Sunday, June 20, 2010

The Gardener by S.A. Bodeen

Mason is a high school sophomore who hopes to study biology at Stanford someday. His biology teacher, Mr. Hogan, encourages Mason to apply to TroDyn's summer science program. TroDyn is a huge research company located in Mason's hometown of Melby Falls and they pay the bills for just about everything in the town. Mason knows his mother doesn't want him to become involved with TroDyn but he just can't figure out exactly why. That is until he learns about her connection to TroDyn. When Mason attempts to confront  his mother at the TroDyn funded nursing home where she works,  he makes a remarkable but disturbing discovery about the patients she cares for. And it is his developing love for one of those patients that leads Mason to risk everything to try to help this beautiful girl. Even if this means confronting a terrifying person known as The Gardener at TroDyn. The Gardener explores issues that deal with bioethics and human experimentation. Most of the science mentioned in The Gardener is flawed. The overpopulation vs food production scenario has essentially been disproven. Paul Erlich's The Population Bomb has been proven to be a monumental flop since most of the Western world is now facing a demographic implosion and many developing countries such as China face the prospect of gender imbalance and not enough workers to support a drastically aging population.The Gardener considers the degree to which scientists might go to save mankind should such a scenario play out.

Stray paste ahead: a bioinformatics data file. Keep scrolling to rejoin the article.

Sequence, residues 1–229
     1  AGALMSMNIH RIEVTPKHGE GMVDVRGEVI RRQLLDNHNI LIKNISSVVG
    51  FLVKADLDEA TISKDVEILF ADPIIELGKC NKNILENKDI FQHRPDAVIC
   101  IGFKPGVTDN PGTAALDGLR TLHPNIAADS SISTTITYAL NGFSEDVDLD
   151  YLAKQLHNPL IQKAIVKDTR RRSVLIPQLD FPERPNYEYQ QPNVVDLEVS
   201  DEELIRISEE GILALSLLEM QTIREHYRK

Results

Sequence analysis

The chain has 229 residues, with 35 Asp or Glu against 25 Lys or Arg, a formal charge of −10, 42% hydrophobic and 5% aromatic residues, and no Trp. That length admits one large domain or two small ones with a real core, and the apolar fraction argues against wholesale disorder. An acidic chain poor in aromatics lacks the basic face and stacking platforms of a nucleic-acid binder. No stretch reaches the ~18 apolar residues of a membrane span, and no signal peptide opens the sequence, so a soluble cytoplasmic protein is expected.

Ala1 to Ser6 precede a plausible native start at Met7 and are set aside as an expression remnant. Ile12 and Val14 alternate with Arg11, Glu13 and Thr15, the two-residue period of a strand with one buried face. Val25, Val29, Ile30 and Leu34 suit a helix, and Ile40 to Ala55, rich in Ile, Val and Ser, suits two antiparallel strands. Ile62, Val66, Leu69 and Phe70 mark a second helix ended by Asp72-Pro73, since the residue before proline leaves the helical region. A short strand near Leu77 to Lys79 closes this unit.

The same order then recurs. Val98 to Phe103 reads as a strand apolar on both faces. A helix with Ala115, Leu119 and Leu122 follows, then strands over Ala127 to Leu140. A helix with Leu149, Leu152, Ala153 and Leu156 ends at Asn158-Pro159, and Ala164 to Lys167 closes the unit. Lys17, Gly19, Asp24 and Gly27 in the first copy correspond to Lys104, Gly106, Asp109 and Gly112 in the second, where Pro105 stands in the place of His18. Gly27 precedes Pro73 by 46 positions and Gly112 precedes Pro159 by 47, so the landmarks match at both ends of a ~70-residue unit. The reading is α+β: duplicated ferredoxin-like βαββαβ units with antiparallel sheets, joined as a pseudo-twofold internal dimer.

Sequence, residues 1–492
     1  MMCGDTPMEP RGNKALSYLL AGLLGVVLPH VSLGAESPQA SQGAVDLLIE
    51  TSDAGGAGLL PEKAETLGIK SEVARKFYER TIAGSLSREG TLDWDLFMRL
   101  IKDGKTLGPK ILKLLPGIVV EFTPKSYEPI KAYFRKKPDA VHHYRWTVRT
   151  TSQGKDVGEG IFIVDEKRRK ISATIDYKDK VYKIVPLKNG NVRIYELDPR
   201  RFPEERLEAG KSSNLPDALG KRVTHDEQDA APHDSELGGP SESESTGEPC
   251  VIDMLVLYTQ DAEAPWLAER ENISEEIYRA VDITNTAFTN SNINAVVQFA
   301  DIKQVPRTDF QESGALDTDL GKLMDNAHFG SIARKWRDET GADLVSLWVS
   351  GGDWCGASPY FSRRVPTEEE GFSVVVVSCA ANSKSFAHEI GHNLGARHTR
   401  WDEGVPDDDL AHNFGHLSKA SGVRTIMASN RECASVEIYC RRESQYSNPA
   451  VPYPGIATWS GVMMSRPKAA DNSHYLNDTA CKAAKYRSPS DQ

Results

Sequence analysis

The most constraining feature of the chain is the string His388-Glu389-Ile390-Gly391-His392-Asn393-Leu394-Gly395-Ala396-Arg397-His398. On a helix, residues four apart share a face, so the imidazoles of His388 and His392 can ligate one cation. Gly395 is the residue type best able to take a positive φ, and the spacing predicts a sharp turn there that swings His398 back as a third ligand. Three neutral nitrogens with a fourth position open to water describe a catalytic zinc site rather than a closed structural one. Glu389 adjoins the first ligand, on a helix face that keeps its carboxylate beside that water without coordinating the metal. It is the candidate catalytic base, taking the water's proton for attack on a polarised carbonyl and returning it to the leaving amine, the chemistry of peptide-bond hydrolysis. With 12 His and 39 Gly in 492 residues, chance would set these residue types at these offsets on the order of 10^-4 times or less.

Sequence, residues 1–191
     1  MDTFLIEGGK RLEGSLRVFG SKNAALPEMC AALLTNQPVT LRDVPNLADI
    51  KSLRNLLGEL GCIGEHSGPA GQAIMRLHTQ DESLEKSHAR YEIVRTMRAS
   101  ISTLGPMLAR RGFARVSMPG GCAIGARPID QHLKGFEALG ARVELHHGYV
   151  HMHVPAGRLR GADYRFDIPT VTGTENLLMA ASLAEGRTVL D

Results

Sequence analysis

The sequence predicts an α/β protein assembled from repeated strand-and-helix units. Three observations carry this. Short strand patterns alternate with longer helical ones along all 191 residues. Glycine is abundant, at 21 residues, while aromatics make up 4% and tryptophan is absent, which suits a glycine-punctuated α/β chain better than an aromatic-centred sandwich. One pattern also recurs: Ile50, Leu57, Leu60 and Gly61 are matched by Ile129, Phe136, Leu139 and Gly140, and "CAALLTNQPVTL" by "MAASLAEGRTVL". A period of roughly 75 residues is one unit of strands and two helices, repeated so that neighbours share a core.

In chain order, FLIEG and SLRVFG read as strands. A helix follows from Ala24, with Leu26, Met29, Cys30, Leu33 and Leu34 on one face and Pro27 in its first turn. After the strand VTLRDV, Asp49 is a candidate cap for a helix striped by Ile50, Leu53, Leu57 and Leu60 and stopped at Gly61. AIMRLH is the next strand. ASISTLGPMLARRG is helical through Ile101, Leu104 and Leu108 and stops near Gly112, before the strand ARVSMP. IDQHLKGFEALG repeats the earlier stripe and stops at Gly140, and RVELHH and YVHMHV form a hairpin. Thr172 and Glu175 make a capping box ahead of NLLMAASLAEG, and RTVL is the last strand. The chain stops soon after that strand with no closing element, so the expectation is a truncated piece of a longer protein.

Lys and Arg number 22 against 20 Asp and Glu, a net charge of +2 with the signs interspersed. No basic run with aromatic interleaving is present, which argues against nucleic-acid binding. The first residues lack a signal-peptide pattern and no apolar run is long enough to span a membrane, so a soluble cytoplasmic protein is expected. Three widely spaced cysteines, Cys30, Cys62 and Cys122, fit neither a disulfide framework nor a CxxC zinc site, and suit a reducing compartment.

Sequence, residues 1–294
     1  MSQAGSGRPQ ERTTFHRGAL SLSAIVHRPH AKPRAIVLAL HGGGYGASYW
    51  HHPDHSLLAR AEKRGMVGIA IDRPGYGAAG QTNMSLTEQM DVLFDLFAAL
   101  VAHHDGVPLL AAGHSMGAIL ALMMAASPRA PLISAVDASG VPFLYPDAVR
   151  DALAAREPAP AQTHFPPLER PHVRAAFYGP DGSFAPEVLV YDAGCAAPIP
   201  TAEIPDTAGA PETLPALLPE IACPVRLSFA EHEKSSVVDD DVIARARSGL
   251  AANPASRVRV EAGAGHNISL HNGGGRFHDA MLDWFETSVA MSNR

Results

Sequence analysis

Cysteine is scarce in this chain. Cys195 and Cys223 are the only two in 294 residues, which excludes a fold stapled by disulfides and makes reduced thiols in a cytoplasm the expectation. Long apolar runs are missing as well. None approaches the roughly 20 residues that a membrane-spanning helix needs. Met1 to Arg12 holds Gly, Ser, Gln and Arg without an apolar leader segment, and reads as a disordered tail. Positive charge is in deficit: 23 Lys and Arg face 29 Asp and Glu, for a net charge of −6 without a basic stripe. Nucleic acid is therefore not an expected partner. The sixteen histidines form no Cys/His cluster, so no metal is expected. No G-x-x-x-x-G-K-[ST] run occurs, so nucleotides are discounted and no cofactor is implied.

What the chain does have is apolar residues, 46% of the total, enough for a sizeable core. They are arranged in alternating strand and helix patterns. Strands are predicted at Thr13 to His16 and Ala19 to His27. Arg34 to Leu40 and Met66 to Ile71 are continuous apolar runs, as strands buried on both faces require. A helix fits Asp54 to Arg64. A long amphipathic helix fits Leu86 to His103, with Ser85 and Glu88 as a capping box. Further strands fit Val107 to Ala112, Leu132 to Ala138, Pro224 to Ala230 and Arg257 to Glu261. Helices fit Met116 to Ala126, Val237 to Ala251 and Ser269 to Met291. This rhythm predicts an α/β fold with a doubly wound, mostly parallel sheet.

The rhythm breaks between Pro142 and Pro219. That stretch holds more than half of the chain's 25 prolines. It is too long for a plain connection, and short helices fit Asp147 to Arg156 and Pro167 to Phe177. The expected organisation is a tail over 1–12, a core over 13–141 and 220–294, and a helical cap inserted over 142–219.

Despite this, The Gardener is a suspenseful science fiction that blends a little of mystery and romance too. Mason is a heroic character who is willing to risk everything to save Laila. We are left struggling to understand just what is wrong with her and Mason's loyalty to her only deepens the reader's affection for him. The novel weaves it's way to a satisfying conclusion.

Book Details:
The Gardener by S. A. Bodeen
Feiwel and Friends  2010

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